Ipswich women’s team to get better with Heal-ly good talent
HAVING three players with the famous Heal basketball name in an Ipswich side is a rare treat.
That's especially the case when two of those Heal players are daughters of former Olympian Shane Heal.
Ashleigh, 21, and 14-year-old sister Shyla are among the new Force recruits who made their debut in Ipswich's Queensland Basketball League season opener on Saturday night.
"This is our second QBL season. Last season we played with South West Metros together,'' Ashleigh said.
"We've been playing from a young age. We love it.''
The third Heal in this year's Ipswich side is Kate. She's unrelated to Ashleigh and Shyla.
Even though Ipswich gave up a handy three-quarter lead to lose 68-62 to Gold Coast in their first game, the signs are looking promising.
The three Heal players displayed their speed, youthful enthusiasm and skills before Kate was fouled out and the team faded late in the game.
It was the first time Ashleigh and Shyla played in the same team with Kate.
"It's pretty cool to have three Heal girls in the team,'' Ashleigh said.
On Saturday night, senior players like SEQ Stars recruit Bree Farley and dependable Force regular Morgan Pink toiled hard to guide the younger players against the Gold Coast.
But after leading 36-27 at halftime and 55-39 going into the final quarter, Ipswich lacked another experienced campaigner to help preserve the lead.
Former Force and national league player Nadeen Payne used her experience to lift Gold Coast when it mattered against the youthful Force line-up. Her 32 points were decisive.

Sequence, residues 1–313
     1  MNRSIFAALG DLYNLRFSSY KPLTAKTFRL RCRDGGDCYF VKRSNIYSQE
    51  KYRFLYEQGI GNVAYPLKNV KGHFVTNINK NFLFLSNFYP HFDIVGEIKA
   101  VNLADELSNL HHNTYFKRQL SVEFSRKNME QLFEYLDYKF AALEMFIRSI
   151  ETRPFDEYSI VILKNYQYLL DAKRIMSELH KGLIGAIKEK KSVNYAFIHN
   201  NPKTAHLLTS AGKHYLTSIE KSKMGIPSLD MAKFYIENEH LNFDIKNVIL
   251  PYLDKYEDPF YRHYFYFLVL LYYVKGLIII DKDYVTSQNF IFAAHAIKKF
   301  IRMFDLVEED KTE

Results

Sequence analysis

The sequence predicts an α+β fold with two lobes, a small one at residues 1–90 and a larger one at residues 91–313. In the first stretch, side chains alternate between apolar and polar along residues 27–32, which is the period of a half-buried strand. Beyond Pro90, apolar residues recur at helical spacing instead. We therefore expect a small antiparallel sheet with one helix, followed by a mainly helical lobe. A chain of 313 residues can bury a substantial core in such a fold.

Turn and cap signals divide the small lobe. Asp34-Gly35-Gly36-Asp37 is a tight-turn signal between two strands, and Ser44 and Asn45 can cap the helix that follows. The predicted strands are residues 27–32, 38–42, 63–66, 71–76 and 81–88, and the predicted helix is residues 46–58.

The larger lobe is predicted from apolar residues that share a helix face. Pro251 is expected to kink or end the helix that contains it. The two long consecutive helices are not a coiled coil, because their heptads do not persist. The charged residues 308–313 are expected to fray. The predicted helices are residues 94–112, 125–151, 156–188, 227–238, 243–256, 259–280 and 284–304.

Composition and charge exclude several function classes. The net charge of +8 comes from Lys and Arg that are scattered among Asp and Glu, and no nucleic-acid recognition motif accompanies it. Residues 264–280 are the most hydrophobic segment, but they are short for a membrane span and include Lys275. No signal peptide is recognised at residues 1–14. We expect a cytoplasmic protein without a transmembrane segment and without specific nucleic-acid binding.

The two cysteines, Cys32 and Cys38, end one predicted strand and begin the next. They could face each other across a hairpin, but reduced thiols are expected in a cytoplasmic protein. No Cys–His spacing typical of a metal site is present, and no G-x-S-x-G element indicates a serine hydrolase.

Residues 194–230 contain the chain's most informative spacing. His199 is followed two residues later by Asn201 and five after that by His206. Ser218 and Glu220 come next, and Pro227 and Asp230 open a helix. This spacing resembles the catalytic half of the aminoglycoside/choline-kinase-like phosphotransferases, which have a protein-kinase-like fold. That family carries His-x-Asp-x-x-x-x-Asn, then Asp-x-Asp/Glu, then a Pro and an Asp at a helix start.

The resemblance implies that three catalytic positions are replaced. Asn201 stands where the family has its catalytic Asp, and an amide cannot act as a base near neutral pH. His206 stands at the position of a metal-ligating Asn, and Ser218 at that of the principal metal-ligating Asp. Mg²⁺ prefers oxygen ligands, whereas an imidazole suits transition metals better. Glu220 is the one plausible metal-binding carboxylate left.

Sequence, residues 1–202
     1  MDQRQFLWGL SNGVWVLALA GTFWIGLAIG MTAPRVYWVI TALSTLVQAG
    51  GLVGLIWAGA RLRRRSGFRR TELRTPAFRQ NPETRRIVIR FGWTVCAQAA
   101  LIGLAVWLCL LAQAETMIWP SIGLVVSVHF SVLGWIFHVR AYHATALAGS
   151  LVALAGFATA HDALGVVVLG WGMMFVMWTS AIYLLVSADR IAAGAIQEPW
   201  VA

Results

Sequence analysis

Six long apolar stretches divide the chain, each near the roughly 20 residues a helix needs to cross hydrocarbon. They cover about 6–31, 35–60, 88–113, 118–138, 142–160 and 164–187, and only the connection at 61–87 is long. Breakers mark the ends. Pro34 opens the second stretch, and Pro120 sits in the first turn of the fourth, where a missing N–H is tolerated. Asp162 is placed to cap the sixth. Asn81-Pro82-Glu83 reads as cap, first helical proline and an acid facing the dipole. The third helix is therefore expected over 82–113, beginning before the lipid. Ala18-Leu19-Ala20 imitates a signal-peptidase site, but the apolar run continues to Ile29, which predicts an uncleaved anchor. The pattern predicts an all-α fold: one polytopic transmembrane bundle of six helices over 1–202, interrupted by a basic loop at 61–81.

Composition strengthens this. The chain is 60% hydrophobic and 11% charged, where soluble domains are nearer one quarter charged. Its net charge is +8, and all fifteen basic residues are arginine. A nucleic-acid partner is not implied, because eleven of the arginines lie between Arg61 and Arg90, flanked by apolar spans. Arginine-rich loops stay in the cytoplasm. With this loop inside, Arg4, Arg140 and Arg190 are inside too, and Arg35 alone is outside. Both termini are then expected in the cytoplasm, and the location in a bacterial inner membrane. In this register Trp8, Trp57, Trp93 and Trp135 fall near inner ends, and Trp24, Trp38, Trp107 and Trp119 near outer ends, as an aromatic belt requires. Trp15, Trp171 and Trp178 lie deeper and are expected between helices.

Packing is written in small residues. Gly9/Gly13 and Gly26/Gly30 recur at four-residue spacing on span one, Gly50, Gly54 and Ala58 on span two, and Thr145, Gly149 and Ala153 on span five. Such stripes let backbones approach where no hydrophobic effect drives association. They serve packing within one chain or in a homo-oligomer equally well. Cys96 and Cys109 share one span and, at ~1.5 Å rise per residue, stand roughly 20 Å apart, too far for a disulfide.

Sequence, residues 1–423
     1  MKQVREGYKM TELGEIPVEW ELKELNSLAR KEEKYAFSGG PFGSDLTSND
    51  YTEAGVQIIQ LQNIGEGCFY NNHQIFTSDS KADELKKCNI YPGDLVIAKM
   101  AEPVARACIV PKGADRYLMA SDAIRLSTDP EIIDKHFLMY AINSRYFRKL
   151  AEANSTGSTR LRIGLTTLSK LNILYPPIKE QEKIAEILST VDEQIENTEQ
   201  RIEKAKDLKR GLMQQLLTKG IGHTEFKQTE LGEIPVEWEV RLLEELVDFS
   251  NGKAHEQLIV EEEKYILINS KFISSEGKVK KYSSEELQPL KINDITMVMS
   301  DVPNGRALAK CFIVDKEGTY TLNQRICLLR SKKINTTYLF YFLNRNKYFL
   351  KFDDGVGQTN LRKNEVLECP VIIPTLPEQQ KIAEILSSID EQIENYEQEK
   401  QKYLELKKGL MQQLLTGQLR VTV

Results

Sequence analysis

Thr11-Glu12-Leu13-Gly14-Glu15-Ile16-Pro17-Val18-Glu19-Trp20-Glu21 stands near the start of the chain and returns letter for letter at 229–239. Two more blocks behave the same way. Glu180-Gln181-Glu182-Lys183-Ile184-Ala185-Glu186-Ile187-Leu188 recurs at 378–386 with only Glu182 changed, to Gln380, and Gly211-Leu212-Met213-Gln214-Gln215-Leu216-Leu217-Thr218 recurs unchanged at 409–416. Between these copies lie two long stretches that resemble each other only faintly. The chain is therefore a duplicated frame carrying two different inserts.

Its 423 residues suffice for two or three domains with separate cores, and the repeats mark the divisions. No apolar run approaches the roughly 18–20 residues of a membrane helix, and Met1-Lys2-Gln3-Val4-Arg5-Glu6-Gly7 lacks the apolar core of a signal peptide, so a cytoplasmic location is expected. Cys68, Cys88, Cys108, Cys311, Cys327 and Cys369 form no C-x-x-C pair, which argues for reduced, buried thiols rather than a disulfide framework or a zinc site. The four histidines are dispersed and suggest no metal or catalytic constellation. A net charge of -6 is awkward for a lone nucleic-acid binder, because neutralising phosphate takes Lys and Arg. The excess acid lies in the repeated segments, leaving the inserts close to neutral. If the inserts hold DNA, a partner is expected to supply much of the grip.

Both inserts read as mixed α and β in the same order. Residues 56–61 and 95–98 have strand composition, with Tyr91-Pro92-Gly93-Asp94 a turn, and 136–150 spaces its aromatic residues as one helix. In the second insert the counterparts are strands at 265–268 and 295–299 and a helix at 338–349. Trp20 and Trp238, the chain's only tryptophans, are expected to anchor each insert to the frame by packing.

"It's extremely disappointing,'' Ashleigh said of the result.
"Hopefully with our two new imports as well, next time we can beat them.''
Imports Shenneika Smith and Soana Lucet are expected to arrive in Ipswich this week, bolstering Force's QBL stocks.
Despite the first-up loss, Ashleigh was excited about the future.
"It's going to change so much when our two imports come,'' she said.
"Our oldest player is Bree Farley and she's 25. And our youngest player (Shyla) is 14.
"We've got so much to improve on.''
Ashleigh encouraged her talented teenage sibling.
"I'm really excited for her and her future,'' Ashleigh said of Shyla, who played guard on Saturday night.
"She's got so much going for her.''
Ashleigh trained with the SEQ Stars team that made the preliminary final in the recently completed Women's National Basketball League season.
The Brisbane-based hospitality industry worker said having a dad like well-known sportsman Shane helped mould the sisters' passion for the game.
"Dad supports us no matter what we do. It doesn't have to be basketball,'' Ashleigh said.
"He's just so committed and loves the sport so much.
"We're so lucky to have him.''